I pray for the humility to accept the insights of those who set the bar high. As you point out, "lack is an illusion. We are already perfect and have what we need to progress past our samskaras," and yet, for whatever reason, we have not actualized our potential. The same potential which has been activated and actualized in the likes of the Dalai Lama, Mother Theresa, HH Radhanath Swami and countless others lies dormant within us. And I would maintain that it is by humbly accepting the insights and teachings of these elevated souls that we stand the best chance of actually coming to realize that it all lies within.

  17. Sringara Yogini says:

    love this post – right on!!

  18. Jax says:

    In Vino Veritas!

  19. Maria says:

    Great article! Thank you! I raise my glass to you!

  20. Tanya Lee Markul tanya lee markul says:

    Thank you Candice for this post! Great discussion!

    Posting to Elephant Yoga on Facebook and Twitter.

    Tanya Lee Markul, Assoc. Yoga Editor
    Like Elephant Yoga on Facebook
    Follow on Twitter

  21. I’ll drink to that! Well put. Thank you.

  22. Dee says:

    Thad~
    The issue lies in being judgemental, not in forming judgement. I discern the two with the sense of being better than, more worthy, that is inherent in being judgemental and not inherent in deciding not to cross the street when a car is coming. It can be subtle and often people are not consious of it being there. Such is the cunning nature of the ego and, as I experience it, is conversely related to humility. So I would disagree that this is not simply a matter of degree and but that they are inherently different concepts with ego being the dicerning factor.

  23. Just posted to "Featured Today" on the Elephant Yoga homepage.

    Bob W. Yoga Editor
    Like Elephant Yoga on Facebook
    Follow on Twitter

  24. Alex_Prescott says:

    it's always nice to sit down with a teacher and have a beer, chat about life. reminds us that we're all human

  25. Bethany Eanes Bethany Eanes says:

    It goes both ways; you have a right to drink, and I have a right to choose not to. I have no problem with you unwinding with a drink yourself, in fact I'm a little jealous of that, but I do have a problem with you classifying that as "real human" behavior" and the opposite as "robot" behavior. We all get to choose our path.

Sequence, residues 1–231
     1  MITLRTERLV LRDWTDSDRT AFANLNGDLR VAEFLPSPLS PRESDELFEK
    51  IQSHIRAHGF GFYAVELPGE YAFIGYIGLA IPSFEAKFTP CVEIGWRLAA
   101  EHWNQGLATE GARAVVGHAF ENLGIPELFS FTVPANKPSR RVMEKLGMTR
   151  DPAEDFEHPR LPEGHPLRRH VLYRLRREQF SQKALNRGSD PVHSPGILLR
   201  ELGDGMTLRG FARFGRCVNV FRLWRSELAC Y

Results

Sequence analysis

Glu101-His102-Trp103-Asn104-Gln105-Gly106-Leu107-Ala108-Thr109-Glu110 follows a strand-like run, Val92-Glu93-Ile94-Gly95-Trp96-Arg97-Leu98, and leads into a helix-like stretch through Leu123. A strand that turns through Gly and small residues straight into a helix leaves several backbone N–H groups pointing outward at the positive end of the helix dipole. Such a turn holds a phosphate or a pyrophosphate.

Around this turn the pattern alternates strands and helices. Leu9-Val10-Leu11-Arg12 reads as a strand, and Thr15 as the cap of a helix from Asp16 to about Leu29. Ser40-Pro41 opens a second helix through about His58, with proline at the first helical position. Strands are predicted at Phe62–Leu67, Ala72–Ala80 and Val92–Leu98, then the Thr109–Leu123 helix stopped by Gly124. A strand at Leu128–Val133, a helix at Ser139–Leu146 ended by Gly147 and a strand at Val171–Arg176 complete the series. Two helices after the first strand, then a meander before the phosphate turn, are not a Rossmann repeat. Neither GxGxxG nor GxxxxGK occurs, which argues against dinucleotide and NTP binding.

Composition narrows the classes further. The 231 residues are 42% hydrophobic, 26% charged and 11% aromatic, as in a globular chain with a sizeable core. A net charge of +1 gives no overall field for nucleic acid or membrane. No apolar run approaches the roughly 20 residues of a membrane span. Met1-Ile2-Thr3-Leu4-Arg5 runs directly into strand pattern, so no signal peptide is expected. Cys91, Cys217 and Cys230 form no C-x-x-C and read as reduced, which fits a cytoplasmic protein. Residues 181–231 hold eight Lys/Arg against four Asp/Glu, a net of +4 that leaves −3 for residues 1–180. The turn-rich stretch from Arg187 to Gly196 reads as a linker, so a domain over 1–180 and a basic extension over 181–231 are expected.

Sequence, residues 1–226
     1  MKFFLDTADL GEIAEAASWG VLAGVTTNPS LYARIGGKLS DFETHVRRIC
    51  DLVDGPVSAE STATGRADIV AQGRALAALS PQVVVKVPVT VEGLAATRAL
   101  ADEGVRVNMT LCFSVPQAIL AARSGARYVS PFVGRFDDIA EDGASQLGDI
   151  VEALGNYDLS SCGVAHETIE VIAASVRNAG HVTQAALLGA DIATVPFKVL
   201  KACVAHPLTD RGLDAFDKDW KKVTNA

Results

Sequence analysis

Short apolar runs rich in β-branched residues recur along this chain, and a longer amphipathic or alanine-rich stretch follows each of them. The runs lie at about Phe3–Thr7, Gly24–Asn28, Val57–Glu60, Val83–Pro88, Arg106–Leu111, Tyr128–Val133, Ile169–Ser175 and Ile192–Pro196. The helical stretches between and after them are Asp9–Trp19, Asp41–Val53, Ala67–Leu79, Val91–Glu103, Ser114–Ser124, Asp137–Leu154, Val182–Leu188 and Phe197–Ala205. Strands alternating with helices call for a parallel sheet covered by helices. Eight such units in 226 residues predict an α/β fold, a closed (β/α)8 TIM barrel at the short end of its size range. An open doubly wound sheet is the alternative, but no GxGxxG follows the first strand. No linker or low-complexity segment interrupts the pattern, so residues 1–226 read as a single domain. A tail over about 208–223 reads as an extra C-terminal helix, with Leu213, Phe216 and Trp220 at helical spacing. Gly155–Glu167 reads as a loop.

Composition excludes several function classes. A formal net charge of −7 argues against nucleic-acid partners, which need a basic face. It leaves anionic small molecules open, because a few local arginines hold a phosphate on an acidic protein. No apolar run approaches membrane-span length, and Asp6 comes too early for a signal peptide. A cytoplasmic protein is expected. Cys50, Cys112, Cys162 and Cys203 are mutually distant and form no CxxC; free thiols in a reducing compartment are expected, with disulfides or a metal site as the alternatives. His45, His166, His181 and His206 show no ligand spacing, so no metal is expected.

• Candice Garrett Candice says:

      Bethany, the robot comment was meant to be funny, and that is all, no deeper meaning there than that.

  26. Emily Perry Emily Perry says:

    The crack Gita! I am practically crying! Thank you again for sharing! xo

  27. Nice piece, Candice. If you're ever in NYC, drop by The Breathing Project and I'll show you my Tequila collection.

    • Candice Garrett Candice says:

      whoa, tequila is something that reminds me of my college days. But I'm sure I could appreciate a good collection!

  28. bohemianbella says:

    Wanna be my new best friend? Seriously though, this was very well-written and I couldn't agree more.

  29. sordog1 says:

    They get pissed at me when I eat eggs! :-)__Shiva

  30. Just posted to "Popular Lately" on the Elephant Yoga homepage.

    Bob W. Yoga Editor
    Like Elephant Yoga on Facebook
    Follow on Twitter

  31. monkeywithglasses says:

    Amen, sister!

  32. Sam says:

    LOVELY! This article made me feel good and I thank you for that. Your "instructions" in the last paragraph are perfecto :)

  33. Dave says:

    With regard to the parenthetical at the end of my last reply, your column even seems to be contradictory about judgement. On one hand you tout it as the ultimate reaction to good writing, and on the other you suggest that it's not such a good thing in reaction to a drinking yoga teacher.

    Personally I could care less if a yoga teacher drinks, or a Buddhist teacher, or whomever. It's more important how they carry their attachment to drinking, and if their drinking is creating suffering for themselves or someone else.

  34. Kim says:

    Loved your article! Progress not perfection! :)

  35. nancygi says: